Many of you who also read Siouxsie Law may already have been aware of the shocking news that teenagers in Iraq - reportedly an approximate 100 - have been murdered by militia for their mode of dress or their sexuality. Members of the LGBT community and those who wear emo fashions have been targeted. Some have also been reported kidnapped or tortured.
Posters had been seen on streets and cafes in Baghdad containing threats to young people belonging to such groups, according to Gay Middle East. An Iraqi blogger says that the threatening messages told teens that they had four days to change their behaviour.
Eyewitness accounts mention horrific violence being used against the teenagers, including beating them to death with concrete blocks and pushing them from the tops of tall buildings. An LGBT activist claims that five youths who survived the attacks were subsequently murdered as they lay in their hospital beds.
More frightening still is that these attacks are apparently sanctioned by the Iraqi Interior Ministry's community police. The director, Colonel Mushtaq Taleb Muhammadawi, said to the Iraq News Network, "Research and reports on the emo phenomenon has been conducted and shared with the Ministry of Interior which officially approves the measures to eliminate them."
UK newspaper the Guardian says, "Starting last year, mosques and the media both began raising the alarm about youthful immorality, calling the emos deviants and devil worshippers. In early February, somebody began killing people. The net was wide, definitions inexact. Men who seemed effeminate, girls with tattoos or peculiar jewellery, boys with long hair, could all be swept up. The killers like to smash their victims' heads with concrete blocks.
"There is no way to tell how many have died: estimates range from a few dozen to more than 100. Nor is it clear who is responsible. Many of the killings happened in east Baghdad, stronghold of Shia militias such as Moqtada al-Sadr's Mahdi army and Asaib Ahl al-Haq (the League of the Righteous). Neither, though, has claimed responsibility. Iraq's brutal interior ministry issued two statements in February. The first announced official approval to "eliminate" the "satanists". The second, on 29 February, proclaimed a "campaign" to start with a crackdown on stores selling emo fashion."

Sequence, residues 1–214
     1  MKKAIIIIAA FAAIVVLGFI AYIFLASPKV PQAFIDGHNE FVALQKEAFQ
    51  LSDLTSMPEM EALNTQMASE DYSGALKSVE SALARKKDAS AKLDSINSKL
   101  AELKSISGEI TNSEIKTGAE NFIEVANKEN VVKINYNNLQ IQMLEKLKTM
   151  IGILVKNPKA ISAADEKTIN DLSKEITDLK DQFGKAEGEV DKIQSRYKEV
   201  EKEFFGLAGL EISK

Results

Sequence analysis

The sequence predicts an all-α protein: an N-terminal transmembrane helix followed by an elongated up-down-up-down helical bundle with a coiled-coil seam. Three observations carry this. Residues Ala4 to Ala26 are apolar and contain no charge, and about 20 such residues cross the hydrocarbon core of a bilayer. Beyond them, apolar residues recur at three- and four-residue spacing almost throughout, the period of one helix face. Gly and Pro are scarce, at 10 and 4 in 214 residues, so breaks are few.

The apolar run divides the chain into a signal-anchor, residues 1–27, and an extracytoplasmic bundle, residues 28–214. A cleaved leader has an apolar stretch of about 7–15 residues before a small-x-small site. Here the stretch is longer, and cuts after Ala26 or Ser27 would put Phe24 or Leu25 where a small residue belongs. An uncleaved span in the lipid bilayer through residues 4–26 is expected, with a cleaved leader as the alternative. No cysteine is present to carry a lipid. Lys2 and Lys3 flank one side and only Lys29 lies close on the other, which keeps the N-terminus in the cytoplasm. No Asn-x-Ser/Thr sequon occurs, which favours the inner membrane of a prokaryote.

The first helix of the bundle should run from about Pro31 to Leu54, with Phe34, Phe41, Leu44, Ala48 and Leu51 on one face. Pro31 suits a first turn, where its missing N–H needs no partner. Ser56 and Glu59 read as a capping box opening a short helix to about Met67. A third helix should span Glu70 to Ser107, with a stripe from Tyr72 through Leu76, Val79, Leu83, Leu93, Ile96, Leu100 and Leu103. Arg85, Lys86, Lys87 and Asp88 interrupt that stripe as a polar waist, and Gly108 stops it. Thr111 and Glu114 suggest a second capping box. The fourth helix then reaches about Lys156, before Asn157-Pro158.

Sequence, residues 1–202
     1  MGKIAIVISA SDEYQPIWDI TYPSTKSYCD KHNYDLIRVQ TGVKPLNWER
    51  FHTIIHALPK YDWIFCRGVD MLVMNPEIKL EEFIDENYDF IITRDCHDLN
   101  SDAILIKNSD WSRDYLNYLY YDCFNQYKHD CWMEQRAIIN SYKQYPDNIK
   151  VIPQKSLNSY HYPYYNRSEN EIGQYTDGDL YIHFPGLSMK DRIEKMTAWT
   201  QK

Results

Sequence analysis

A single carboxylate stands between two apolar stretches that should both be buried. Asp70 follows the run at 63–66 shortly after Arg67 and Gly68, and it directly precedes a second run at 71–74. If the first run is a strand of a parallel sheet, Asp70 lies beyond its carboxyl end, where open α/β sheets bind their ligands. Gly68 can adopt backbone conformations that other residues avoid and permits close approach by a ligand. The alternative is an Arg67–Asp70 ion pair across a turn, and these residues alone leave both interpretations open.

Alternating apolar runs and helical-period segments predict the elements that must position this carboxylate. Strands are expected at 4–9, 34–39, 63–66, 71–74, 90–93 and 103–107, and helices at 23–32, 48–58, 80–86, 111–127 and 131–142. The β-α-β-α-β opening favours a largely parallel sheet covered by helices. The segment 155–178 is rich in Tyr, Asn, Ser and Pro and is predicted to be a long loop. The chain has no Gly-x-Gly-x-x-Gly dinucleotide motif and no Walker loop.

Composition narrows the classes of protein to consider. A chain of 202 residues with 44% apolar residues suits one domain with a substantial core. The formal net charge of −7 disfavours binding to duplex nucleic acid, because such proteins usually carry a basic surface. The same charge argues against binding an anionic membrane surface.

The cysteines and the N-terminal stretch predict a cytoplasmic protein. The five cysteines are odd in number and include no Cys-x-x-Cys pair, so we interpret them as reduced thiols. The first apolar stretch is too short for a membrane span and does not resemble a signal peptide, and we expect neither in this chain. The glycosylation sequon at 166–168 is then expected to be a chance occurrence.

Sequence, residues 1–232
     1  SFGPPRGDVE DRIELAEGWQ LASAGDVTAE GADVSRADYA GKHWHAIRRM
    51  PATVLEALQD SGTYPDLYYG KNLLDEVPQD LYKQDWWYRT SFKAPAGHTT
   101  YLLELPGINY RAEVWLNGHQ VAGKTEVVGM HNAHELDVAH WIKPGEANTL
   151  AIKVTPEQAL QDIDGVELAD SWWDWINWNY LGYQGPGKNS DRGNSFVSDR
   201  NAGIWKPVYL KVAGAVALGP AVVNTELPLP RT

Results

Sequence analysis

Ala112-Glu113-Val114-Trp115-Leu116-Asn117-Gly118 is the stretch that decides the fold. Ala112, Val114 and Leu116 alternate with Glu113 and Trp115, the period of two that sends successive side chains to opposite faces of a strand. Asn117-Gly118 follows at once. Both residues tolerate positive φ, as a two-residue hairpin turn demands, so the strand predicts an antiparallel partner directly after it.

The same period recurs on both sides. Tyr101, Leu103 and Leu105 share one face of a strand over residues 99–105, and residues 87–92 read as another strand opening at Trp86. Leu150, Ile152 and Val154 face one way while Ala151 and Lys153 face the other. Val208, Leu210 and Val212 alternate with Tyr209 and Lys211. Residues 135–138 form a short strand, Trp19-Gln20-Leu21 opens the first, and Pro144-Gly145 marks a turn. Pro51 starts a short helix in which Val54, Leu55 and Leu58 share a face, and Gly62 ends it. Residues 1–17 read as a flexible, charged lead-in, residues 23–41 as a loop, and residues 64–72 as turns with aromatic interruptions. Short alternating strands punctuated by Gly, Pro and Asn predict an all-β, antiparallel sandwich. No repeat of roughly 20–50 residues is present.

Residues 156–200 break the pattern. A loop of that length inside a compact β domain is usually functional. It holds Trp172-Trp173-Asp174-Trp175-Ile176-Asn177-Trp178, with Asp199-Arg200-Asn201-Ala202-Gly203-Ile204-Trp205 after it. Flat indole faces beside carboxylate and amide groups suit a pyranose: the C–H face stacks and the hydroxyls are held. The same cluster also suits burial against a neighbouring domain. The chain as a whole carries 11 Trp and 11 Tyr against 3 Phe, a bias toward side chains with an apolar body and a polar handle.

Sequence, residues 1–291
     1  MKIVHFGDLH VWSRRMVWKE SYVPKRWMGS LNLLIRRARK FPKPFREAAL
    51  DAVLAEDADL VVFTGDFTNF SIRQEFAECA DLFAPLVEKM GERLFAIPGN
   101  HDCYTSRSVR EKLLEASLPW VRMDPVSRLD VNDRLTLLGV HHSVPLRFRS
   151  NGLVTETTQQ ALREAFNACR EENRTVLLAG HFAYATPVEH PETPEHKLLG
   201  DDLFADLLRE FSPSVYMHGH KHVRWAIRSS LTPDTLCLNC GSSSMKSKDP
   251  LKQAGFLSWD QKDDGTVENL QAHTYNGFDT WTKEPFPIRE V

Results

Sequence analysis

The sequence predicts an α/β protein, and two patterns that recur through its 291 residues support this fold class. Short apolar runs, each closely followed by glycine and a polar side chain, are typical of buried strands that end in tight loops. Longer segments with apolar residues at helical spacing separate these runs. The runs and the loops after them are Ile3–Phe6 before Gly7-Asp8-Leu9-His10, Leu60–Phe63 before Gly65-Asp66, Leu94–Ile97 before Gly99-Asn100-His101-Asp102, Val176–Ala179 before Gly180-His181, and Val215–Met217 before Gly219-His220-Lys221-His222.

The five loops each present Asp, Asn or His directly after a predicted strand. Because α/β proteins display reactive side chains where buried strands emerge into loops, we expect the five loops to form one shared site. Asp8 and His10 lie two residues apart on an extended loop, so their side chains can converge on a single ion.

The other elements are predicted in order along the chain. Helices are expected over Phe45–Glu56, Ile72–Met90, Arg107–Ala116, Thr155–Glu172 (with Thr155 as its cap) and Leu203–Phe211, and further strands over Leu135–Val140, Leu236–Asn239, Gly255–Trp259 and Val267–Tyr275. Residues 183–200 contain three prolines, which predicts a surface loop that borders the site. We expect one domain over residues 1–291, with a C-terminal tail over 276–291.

This blogger (link contains graphic images of the victims, please be warned), who wrote the above-quoted article, has more information on those targeted during the recent attacks - many victims are not what we in the West might think of as 'emo' but were simply sporting hair gel or skinny jeans - and says, "One thing that strikes me in reading about Emos is how much other adolescents target them for bullying in places where the subculture genuinely has flourished, like the US. Emo style (unlike the comparatively hard-edged cynicism of goth) emphasizes open emotional vulnerability coupled with a certain nervy fearlessness in displaying it. You can see how, in a society with repressively stratified gender roles like Iraq or high school, this would be a comprehensive recipe for not fitting in. Boys aren’t supposed to be vulnerable at all; girls would face reprisals from more confidently feminist girls for reveling in their weakness, and from boys for the covert, armored bravery with which they reveal it. Equally, you can see how, for those who feel at odds with those gender straitjackets, Emo would be a way to find a community, and an Archimedean point from which to start saying “no.” No one should slight the heroism in that."
|From Shafaaq News|
Source (another related article worth reading)
In 2008 several hundred people in the city of Queretaro formed a mob and went on an 'emo-bashing' spree. The rioting spread across Mexico, warranting police protection for the youngsters. A video of an emo teen being battered with a brick or rock even ended up on YouTube. The Guardian also mentioned an incident which I was not aware of. Last year in Saudia Arabia emo girls were arrested for 'imitating men'.
It's incredibly distressing that homophobia and alterophobia (fear of 'the other' - that is to say, anything that's different) should lead to such terrible attacks against innocent people - or should I say children - belonging to one of the most harmless modern social groups that exists today. My deepest sympathies are with the families of those who lost their lives to such sickening, senseless violence.